NOTE: A small size of the bladder before the beginning of the expression and wetting of the lower abdomen with urine are indications that the animal has gained the ability to void on its own.
    4. To minimize weight loss, provide nutritional enrichment to mice in the form of nutritive gel and other nutritious treats (bacon softies, fruit crunchies and veggie bites) placed on the floor of the cage for easy access  NOTE: In this study, mice were perfused and bladders procured at 8 weeks following SCI.
  5. Postoperative complications
    1. Minimize the potential for rupture of the bladder due to overzealous manual bladder expression by not fully expressing the bladder.
    2. Prevent excoriation of the perineal skin from continuous exposure to urine dribbling from incompetent sphincter through washing of the perineal region with tap water. Minimize inflammation through application of triple antibiotic ointment.
      NOTE: Urethral obstruction due to blood clot during the period of transient hematuria or from semen coagulum due to retrograde ejaculation in male mice may occur following spinal cord injury. Complete urethral obstruction in male mice frequently culminates in bladder rupture and death. In our experience the frequency of urethral obstruction in male mice that led to death was 10%.

2. Perfusion and tissue procurement

NOTE: For downstream analyses of certain cell types such as immune cells in peripheral tissues it is beneficial to remove blood by perfusion at the time of tissue harvest, as described below.

  1. Administer anesthesia as mentioned in the surgical procedure (step 2.2) and confirm that the animal is adequately anesthetized with no forepaw-pinch response (the animal is paraplegic, therefore the hindlimbs have diminished sensation and the hindpaw-pinch response becomes irrelevant).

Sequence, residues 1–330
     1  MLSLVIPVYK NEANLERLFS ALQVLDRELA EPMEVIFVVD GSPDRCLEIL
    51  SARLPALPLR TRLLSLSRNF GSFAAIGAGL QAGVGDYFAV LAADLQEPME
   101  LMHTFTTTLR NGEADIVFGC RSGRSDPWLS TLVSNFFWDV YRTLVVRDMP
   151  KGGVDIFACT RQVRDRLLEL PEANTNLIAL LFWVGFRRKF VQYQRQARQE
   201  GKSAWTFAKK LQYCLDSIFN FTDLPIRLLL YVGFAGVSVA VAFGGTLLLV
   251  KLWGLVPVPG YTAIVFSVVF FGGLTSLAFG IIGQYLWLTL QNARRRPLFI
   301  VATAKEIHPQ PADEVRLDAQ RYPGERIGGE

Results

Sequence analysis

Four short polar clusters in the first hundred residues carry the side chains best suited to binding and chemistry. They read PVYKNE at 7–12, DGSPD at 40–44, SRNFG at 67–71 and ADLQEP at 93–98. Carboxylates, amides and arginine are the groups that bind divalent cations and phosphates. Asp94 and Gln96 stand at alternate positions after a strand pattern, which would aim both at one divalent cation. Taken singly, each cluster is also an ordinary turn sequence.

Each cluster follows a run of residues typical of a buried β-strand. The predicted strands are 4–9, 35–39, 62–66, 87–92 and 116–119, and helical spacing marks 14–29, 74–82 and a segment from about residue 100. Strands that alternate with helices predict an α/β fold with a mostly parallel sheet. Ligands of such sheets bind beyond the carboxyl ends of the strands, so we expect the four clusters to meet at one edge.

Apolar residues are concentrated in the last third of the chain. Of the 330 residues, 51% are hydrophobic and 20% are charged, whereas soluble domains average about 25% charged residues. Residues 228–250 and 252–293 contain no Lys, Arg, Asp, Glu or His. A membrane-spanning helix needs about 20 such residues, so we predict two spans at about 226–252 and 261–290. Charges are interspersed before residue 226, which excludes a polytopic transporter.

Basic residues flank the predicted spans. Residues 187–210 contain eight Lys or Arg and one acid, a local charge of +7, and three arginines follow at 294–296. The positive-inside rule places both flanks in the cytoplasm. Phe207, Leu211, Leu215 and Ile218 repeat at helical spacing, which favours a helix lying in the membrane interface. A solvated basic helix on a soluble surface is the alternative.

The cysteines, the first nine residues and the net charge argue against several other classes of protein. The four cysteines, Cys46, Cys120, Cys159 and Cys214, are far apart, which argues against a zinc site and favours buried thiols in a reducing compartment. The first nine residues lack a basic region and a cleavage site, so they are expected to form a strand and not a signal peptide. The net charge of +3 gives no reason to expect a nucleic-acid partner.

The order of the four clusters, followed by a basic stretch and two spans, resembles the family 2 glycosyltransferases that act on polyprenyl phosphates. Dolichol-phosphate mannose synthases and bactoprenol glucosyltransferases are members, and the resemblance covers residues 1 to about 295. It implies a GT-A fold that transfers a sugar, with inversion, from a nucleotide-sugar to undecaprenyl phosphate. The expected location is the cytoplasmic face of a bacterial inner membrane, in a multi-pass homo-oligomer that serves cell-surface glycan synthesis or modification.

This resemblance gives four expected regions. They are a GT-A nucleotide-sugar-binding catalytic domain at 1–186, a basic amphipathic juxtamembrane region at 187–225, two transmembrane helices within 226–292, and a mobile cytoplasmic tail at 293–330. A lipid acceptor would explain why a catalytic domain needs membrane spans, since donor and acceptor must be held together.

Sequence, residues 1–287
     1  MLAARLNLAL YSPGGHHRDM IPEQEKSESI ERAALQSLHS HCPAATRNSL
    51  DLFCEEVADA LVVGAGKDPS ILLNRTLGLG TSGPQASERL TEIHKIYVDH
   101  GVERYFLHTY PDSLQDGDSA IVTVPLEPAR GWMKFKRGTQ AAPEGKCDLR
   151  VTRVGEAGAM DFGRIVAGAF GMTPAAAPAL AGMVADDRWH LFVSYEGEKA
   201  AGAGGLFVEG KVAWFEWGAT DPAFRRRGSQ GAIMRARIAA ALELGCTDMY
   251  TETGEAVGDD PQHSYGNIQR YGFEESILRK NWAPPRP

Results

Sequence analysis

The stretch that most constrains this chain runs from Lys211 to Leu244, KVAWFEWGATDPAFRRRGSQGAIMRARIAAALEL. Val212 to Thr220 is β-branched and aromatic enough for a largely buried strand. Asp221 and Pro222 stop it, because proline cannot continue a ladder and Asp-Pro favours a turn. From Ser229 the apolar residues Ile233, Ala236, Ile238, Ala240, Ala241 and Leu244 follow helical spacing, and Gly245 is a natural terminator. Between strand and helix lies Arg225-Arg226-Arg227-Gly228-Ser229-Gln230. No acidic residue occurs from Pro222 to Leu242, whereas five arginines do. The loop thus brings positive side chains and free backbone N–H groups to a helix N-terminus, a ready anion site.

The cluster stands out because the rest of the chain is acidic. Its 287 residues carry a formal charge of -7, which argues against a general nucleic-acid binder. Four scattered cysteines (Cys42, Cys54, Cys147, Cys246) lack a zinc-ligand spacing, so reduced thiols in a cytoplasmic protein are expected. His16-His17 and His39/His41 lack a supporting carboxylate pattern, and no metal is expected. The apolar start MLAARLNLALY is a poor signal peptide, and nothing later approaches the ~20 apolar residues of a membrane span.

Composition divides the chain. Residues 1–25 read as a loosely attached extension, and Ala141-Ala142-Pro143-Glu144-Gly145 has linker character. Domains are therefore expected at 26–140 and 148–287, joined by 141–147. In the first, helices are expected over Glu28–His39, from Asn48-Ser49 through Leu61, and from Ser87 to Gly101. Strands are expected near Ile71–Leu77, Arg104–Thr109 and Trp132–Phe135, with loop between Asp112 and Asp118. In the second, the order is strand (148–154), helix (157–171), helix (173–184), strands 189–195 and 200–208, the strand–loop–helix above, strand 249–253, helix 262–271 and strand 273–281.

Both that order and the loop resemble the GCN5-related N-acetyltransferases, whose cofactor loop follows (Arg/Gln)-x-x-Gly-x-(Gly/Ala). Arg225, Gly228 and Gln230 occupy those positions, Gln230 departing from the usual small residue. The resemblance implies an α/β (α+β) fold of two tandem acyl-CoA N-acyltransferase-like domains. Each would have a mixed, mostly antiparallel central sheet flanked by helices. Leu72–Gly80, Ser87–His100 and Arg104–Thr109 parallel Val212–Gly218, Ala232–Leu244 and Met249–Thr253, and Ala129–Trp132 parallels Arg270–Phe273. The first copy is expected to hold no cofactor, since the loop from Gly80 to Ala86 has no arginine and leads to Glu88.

2. Place the animal in the supine position and swab the abdomen and chest with 70% ethanol to wet the fur to prevent it from getting into the operating site.
  3. Perform a midline laparotomy from the pelvis to the diaphragm. Cut the diaphragm away from the ribs.
    NOTE: Following this step, speed is important since the thoracic pressure differential no longer exists and the lungs cannot inflate, so the animal begins to suffocate.
  4. Cut the thorax open along the ribs on the left and right side following the bone-cartilage border on a line parallel to the sternum, commencing at the diaphragm and proceeding as far as the first rib.
  5. Place the complete anterior thoracic wall over the animal’s head and fix it in this position using towel clamps. Do not cut off the anterior thoracic wall as this will cause severe bleeding from the two internal thoracic arteries.
  6. Cut away the pericardium using fine scissors.
  7. Connect a 23 G needle to the perfusion apparatus, then insert it into the left ventricle and slowly into the aorta, taking care not to puncture it.
    NOTE: The perfusion apparatus comprises a perfusion pump and 50 mL syringe connected to intravenous tubing.
  8. Start the perfusion and quickly make a small cut with the tip of fine scissors in the right atrium for drainage. Take care not to introduce air bubbles during fluid infusion.
  9. Perform perfusion with phosphate buffered saline (PBS) solution run at 15 mL/min. Perfusion is complete when drainage is clear and lightened color of the liver is achieved (Figure 1).